Egypt has a waste problem, and shopping bags and food packaging being a considerable part of it. This plastic, which is largely not biodegradable, ends up in the streets and at illegal dumping sites as often as it ends up in proper landfills. Bioplastics made from plants are a partial solution to such a problem in many places, but not in Egypt, where space for food crops is limited enough as it is.
But British and Egyptian scientists may have struck on a solution: shrimp. Shrimp shells make up another large part of Egypt’s waste problem, but those shells can be treated and turned into a material known as chitosan, a biodegradable polymer that could be used for making shopping bags. It has the benefits of being affordable and being a solution that wouldn’t compete with food crops.
“Use of a degradable biopolymer made of prawn shells for carrier bags would lead to lower carbon emissions and reduce food and packaging waste accumulating in the streets or at illegal dump sites,” said Dr. Nicola Everett of the University of Nottingham, lead researcher. “It could also make exports more acceptable to a foreign market within a 10-15-year time frame. All priorities at a national level in Egypt.”
On top of all that, it might be possible to make it absorb oxygen, which when used in food packaging, could actually improve the shelf life of foods, which could be a boon across the world.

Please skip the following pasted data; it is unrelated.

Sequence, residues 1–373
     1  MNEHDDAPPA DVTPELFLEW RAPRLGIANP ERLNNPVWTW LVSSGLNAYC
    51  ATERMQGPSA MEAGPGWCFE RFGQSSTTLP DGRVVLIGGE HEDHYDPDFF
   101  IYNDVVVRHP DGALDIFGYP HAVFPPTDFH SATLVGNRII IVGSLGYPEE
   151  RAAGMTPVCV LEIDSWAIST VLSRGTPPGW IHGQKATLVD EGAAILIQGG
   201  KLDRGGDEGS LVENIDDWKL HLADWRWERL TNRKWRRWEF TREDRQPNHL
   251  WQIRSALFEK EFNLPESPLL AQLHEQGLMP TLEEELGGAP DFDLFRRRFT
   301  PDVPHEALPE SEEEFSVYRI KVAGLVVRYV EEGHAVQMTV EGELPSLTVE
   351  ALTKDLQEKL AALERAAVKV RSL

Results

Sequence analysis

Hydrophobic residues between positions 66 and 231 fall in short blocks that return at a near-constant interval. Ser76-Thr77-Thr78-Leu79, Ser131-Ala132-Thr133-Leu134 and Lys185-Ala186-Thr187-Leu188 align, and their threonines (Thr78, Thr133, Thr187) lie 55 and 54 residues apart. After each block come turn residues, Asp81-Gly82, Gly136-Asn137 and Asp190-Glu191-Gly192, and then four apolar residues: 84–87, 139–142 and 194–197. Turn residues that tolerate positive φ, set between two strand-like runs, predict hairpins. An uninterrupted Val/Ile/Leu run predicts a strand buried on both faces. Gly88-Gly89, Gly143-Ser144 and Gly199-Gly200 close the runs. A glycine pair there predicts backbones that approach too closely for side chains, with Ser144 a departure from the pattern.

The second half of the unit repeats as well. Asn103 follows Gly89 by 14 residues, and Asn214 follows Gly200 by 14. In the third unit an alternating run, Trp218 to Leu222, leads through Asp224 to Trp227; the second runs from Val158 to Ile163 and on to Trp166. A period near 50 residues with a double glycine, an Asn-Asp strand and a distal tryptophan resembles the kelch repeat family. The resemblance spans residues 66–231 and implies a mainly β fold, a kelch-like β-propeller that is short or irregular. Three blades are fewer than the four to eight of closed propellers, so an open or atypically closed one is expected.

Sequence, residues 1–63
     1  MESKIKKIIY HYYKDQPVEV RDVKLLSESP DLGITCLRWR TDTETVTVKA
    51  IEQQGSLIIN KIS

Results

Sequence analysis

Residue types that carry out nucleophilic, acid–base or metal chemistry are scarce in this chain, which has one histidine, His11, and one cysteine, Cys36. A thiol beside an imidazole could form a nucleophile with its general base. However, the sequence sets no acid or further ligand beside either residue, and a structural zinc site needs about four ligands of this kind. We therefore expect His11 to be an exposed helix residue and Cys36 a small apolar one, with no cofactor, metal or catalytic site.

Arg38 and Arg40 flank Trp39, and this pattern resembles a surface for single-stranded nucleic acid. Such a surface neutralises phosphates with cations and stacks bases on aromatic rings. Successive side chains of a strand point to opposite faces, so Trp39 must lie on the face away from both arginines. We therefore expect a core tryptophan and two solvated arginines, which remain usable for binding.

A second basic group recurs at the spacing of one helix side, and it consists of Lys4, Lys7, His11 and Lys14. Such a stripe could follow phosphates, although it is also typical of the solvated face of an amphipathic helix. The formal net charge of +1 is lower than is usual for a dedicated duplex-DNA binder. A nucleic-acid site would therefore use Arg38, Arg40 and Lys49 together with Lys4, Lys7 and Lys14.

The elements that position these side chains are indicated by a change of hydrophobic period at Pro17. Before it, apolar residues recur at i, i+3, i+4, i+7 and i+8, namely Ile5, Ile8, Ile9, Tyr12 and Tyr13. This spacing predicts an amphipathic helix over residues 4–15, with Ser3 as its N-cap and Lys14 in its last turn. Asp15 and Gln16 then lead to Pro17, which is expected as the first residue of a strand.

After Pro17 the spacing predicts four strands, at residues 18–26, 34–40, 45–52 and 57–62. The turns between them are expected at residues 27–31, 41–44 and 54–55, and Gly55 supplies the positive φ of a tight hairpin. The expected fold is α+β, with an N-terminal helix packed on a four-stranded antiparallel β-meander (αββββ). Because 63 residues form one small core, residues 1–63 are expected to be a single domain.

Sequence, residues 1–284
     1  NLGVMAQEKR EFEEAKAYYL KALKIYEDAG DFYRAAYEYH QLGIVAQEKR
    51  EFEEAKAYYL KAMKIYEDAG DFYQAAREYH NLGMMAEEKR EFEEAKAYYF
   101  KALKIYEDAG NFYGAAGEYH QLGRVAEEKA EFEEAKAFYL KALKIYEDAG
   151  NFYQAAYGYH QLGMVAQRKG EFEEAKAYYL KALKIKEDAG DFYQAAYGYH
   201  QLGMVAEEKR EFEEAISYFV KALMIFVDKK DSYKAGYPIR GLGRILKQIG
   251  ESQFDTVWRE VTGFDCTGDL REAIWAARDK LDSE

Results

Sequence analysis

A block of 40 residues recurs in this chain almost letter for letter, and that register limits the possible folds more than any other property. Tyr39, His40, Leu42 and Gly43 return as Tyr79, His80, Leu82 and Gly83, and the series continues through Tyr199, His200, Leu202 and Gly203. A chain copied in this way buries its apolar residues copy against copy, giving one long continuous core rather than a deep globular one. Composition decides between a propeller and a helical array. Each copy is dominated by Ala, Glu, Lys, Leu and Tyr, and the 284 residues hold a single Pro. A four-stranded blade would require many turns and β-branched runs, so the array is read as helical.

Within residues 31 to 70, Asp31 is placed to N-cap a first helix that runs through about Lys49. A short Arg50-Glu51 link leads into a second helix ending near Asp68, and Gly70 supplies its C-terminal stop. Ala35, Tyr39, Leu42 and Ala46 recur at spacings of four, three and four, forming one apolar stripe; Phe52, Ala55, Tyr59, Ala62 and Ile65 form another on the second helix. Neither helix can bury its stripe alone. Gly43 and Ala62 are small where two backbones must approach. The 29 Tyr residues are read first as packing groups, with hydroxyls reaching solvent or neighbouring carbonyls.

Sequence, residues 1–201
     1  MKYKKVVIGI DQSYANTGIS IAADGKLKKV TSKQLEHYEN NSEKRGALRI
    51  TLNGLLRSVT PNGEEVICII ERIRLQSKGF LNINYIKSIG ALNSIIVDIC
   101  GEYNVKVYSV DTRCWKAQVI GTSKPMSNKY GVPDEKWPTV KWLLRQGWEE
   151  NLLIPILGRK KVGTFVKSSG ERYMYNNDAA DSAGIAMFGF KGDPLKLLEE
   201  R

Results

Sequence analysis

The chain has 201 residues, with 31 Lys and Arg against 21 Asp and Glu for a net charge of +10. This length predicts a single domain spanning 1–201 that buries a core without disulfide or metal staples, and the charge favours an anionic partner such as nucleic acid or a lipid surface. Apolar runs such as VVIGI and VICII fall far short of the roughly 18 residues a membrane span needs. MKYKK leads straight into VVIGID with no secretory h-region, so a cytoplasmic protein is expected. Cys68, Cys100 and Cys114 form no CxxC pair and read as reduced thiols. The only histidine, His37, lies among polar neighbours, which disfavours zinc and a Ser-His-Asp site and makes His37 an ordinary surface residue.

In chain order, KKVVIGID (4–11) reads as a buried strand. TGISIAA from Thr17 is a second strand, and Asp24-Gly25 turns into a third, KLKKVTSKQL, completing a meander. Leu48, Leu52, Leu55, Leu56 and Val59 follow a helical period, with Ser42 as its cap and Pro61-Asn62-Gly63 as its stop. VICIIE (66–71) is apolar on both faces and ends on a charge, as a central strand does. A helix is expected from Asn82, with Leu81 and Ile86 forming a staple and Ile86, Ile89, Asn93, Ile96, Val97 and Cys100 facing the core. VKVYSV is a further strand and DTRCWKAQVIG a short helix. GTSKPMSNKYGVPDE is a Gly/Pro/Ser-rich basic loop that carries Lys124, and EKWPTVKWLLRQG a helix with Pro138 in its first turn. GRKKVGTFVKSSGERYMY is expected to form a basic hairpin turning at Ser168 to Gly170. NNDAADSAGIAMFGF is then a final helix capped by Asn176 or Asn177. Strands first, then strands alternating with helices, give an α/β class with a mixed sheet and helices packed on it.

Food waste is a huge problem globally, with grocery stores in countries like the United States, the United Kingdom, and until last year France, throwing away millions of tons of food because it’s “past the shelf date.” While much of that food is still perfectly good, with better packaging it might remain good for even longer, meaning less of it ends up in dumpsters and landfills.
Don’t expect to see chitosan bags in stores next week though, as the researchers are still working on developing the process of making those bags. They’re also trying to make that process more efficient so that it can be scaled up for industrial production. Just because a material is more eco-friendly doesn’t mean it will catch on in manufacturing—it has to be cheap enough to be worth the investment for companies that might use it before it can save the world.